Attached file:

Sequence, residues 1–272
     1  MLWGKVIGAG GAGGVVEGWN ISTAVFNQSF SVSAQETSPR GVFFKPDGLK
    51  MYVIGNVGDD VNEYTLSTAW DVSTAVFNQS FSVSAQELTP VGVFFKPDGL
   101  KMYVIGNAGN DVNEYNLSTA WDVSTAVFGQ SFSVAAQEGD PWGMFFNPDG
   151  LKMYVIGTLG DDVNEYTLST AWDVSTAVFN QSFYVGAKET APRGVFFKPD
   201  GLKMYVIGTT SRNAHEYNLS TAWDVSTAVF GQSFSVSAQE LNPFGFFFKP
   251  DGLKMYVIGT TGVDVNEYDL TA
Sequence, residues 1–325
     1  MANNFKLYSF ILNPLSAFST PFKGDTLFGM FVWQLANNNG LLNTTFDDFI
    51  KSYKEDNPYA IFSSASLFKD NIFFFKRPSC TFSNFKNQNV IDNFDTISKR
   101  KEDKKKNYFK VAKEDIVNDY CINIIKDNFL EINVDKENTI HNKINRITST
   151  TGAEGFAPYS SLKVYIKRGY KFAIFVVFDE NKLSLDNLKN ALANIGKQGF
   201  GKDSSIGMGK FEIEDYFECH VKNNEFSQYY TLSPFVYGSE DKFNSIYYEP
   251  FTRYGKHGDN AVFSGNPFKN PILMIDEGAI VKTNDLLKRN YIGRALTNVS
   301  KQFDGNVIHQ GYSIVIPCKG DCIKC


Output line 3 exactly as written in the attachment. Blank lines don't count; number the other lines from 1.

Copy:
    51  MYVIGNVGDD VNEYTLSTAW DVSTAVFNQS FSVSAQELTP VGVFFKPDGL